Clash over whether U.S. officers can be armed in Canada keeps Nexus offices closed

Clash over whether U.S. officers can be armed in Canada keeps Nexus offices closed

MONTREAL — A dispute over legal protections for American customs officers has kept Nexus enrolment centres closed in Canada more than three months after they reopened south of the border – due in part to a clash over U.S. agents’ right to carry guns on Canadian soil.

The standoff has led to a massive backlog in applications for the program, which allows pre-approved travellers to cross the border more quickly.

The Canada Border Services Agency says the number of Nexus applications has ballooned from 270,000 in April to more than 341,000 at a time when travel delays are wreaking havoc on passengers’ summer plans.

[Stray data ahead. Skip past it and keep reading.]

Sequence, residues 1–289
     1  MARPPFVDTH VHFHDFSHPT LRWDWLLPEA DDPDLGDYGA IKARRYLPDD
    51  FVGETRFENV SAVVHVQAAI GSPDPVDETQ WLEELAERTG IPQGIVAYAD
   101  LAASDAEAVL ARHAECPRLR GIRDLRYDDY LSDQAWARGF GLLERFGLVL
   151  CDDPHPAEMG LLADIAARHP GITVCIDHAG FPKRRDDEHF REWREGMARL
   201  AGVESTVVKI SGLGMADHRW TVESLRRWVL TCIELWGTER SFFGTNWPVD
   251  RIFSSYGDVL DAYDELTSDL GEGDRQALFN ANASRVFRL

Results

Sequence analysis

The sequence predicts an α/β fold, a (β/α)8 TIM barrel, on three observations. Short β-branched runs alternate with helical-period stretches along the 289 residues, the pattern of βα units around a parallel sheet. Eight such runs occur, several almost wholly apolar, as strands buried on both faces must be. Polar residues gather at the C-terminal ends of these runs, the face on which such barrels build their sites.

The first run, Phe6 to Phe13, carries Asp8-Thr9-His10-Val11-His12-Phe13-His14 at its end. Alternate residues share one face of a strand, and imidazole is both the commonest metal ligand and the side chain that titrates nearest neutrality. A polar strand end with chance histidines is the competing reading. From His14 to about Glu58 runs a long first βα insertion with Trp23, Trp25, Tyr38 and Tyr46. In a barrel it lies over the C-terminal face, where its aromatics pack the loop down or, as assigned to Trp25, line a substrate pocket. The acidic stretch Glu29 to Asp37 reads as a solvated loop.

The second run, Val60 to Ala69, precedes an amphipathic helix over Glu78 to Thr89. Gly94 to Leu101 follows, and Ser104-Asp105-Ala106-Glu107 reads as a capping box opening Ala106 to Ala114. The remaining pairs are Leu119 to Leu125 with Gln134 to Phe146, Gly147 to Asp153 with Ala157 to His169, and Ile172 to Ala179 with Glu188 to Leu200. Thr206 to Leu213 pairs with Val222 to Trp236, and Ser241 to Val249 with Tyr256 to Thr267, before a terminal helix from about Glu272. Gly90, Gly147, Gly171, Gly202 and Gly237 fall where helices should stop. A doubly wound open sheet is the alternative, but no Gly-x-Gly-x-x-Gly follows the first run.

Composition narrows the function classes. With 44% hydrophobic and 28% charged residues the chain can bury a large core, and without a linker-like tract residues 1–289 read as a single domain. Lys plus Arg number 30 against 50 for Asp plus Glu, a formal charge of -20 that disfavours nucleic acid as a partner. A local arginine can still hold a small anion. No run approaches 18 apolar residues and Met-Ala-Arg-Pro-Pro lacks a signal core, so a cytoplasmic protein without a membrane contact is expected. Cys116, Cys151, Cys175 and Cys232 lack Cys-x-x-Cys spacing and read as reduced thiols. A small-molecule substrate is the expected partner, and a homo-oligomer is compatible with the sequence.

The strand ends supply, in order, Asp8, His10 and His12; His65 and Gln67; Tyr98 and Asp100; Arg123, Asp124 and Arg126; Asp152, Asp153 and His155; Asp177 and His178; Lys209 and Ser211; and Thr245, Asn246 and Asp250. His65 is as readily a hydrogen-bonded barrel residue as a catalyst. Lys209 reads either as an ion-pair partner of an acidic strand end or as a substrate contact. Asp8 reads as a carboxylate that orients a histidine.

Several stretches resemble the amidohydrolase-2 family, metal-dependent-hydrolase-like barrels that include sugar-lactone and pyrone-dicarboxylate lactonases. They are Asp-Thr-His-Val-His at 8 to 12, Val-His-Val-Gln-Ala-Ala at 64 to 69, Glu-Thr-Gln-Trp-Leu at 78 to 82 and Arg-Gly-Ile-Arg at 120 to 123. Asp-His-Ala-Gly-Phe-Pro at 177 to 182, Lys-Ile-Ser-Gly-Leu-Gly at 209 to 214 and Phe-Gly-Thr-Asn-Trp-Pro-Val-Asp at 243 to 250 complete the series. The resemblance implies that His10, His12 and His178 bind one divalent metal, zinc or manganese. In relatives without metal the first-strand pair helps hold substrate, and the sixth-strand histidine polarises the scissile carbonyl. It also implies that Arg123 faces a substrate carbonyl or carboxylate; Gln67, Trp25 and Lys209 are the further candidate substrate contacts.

Agency spokeswoman Rebecca Purdy says in an email that Canada and the U.S. remain “in discussions” about when the 13 enrolment centres will reopen for applicant interviews, as the two sides try to clarify “legal protections” for American customs officers while they are working at the jointly-staffed centres.

U.S. Customs and Border Protection confirmed the hold-up revolves around legal protections for its Nexus office staff, saying in an email “one example could include the authority to carry or have access to a firearm while on duty.”

Two senior Canadian government sources told The Canadian Press the U.S. wants its customs officers who work in Nexus centres to have the same protections guaranteed to its other pre-clearance officers on Canadian soil, with sidearms as a major sticking point in the talks.